A stone setting is more than just a means of securing a gemstone. It plays an important part in the design of a piece of jewelry and needs to be considered from an early stage, in light of the piece’s proposed usage. The setting can also bring a gemstone alive – or kill it dead. While the gem material will partly determine the type of setting you use, there are always opportunities for modification, decoration and trying something new.

Talk of the trade
As with the cut of a gem, a stone setting is described with specific terminology, which you will need to know if you are to brief another goldsmith or stone setter about a design.

Stone settings are sometimes pigeonholed as having either a traditional or a modern look, which can inhibit jewelry designers from trying something new. A claw setting can certainly have a traditional feel when it is made of thin round wire and has a plain single bezel, yet changing the format slightly, for example by making the prongs heavier and the profile square and removing the bezel, can give the setting a much more contemporary appearance.

Designing or adapting a stone setting requires consideration of the type of gemstone material, the size and weight of the stone and the usage the jewelry will receive. Tension setting might look very impressive and have a contemporary edge, but if you wear a tension- set ring every single day the stone will fall out. Design and practicality have to be balanced, and finding the means to achieve a concept is a challenge of gem-set jewelry design.

Types of setting

The claw setting is commonly wised with transparent faceted stones as it elevates and displays the stone while keeping the surrounding metal to a minimum. The prongs are attached to a bezel to maintain shape and stability,and at least four claws should hold the stone. Decorative detail can be added, such as splitting the prongs to create forked claws or setting small diamonds into the top of the claws.

Gypsy setting is popular because of its clean minimal look. Faceted stones are sunk into the metal so that the girdle is flush with the surface and the metal is then burnished over the stone’s edge. Cabochons with good angled sides can be recessed and the metal pushed over to meet the stone, leaving no evidence of a setting.

This is one of the most secure types of setting and can be used on both cabochons and faceted stones. The top edge of the bezel or collet can be decorated with a beadlike pattern that is created with a millegrain tool. The bezel setting lends itself to high- karat golds, as they are soft enough to burnish over the edge of the stone.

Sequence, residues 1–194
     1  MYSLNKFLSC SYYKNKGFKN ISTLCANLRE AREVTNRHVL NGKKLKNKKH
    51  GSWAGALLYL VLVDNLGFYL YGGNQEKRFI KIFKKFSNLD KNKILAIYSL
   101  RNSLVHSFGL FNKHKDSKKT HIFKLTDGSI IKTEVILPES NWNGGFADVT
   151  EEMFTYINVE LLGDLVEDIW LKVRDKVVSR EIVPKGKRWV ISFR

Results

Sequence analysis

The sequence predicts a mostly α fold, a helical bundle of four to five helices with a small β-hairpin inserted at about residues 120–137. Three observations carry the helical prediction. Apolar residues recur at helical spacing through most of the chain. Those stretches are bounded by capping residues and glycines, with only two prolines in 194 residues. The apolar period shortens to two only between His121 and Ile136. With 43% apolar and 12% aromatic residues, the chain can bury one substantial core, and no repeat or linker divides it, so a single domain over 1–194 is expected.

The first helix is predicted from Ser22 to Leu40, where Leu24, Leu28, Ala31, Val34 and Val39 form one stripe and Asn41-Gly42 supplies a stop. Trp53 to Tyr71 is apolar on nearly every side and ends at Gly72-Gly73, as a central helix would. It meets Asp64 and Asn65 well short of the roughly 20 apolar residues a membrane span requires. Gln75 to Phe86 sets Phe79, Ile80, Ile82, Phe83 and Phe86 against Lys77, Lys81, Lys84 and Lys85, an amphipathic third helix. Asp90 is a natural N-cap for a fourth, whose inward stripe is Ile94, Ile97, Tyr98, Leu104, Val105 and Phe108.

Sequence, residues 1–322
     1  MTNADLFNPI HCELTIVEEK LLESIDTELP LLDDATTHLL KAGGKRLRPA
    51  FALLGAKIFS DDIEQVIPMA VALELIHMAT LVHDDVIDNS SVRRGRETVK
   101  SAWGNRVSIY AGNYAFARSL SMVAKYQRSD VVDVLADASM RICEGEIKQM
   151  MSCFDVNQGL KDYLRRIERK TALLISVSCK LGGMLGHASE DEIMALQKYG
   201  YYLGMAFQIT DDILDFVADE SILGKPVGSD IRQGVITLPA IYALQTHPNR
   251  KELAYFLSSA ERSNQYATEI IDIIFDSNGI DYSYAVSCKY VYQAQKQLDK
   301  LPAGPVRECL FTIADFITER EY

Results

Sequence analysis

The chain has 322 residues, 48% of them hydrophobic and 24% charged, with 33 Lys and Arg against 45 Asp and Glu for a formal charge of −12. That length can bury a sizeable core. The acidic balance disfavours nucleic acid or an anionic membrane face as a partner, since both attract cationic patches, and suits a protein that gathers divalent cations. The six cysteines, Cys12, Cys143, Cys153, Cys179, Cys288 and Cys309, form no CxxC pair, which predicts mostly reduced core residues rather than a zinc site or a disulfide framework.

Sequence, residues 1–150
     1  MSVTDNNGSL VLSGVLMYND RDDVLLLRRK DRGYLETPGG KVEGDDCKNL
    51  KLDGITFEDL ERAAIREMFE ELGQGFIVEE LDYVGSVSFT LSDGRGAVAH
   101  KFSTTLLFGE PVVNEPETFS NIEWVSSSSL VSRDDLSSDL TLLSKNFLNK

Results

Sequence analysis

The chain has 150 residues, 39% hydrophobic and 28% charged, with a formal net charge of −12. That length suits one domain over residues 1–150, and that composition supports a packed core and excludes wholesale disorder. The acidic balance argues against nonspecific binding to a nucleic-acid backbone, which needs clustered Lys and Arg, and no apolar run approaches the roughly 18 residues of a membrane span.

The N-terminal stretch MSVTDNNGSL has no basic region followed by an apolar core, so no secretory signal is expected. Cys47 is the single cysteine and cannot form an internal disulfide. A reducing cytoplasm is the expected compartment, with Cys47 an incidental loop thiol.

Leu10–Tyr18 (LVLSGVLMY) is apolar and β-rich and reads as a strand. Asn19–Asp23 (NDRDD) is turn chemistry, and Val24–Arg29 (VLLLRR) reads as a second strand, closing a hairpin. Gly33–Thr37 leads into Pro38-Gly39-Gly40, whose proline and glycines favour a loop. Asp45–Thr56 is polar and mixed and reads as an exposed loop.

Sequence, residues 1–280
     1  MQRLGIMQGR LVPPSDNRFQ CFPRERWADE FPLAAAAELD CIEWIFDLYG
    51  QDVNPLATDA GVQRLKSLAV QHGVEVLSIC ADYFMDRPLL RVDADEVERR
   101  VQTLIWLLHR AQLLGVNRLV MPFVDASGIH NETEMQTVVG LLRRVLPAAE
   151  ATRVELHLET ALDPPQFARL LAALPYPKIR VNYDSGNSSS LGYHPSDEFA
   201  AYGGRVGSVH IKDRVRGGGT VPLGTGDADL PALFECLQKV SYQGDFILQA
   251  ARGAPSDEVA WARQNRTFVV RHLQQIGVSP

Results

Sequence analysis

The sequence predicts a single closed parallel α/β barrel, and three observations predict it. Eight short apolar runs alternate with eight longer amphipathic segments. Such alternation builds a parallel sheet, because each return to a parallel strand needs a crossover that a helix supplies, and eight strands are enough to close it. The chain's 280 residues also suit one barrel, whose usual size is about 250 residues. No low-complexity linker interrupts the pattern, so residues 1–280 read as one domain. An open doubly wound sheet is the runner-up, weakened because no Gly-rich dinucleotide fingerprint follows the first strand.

A grain or bead setting can be used for cabochons, faceted stones and full or half pearls. The stone is recessed slightly and held in place by a number of tiny beads. These are made by chiselling up metal chips and then shaping the chips into rounded beads or grains with a beading tool. This type of setting is best carried out with softer, higher-karat gold.

This type of setting also uses bead or grain setting. Small stones are arranged very close together (with tiny gaps) and secured by beads that are carefully raised by chiselling up metal. Pave setting requires great skill and many jewelry designers use specialized setters for the work. A similar effect can be produced with prongs instead of beads.

A channel setting is used for securing rows of square or baguette step-cut stones. Ledges are cut in the edges of the channel and metal is folded over to grip the girdle of the stones on two sides. This allows for gems to be butted up, giving a continuous effect. The setting demands accuracy as the stones have to match in colour and be a calibrated size. A channel setting is traditionally used for eternity rings.

This relies on the tension of the shank to keep a stone in place with just two points of contact securing it. Tension-set stones frequently fall out, so the setting is not suitable for an expensive diamond ring. It can be made more secure by filing a ledge in the two sides of the shank to seat the girdle and then pushing metal over the edge of the stone. A tension setting works best with platinum, which is malleable but not springy.

An illusion setting is designed to make a stone look larger than it really is. It consists of a white gold or platinum disc with a hole in the centre into which a small stone is fitted. The stone is traditionally bead-set or grain-set and the chiselled beading creates carved facets on the disc, which enhance the stone and confuse the eye.

A pegged setting allows for close groupings of cabochons or rose cuts, with the stones touching each other. The stones need a flat base and well-angled sides. Tiny pegs or pins are fixed in the spaces between the stones and then pushed down so they thicken and spread, gripping the surrounding stones.

The most crucial factor in assessing coloured gemstones, colour is also the most important consideration when designing jewelry with coloured stones. Hue, intensity and tone are all relevant to a design, whether they are used to create a focal point, a contrast to the colour of the metal or a subtle tonal effect. Colour also has a vitality that relates to the cut of the stone, and this too will have an impact on the design. A piece of jewelry that contains a transparent faceted sapphire will have a vibrant mood, while one that uses a translucent cabochon will possess a quieter, gentler energy.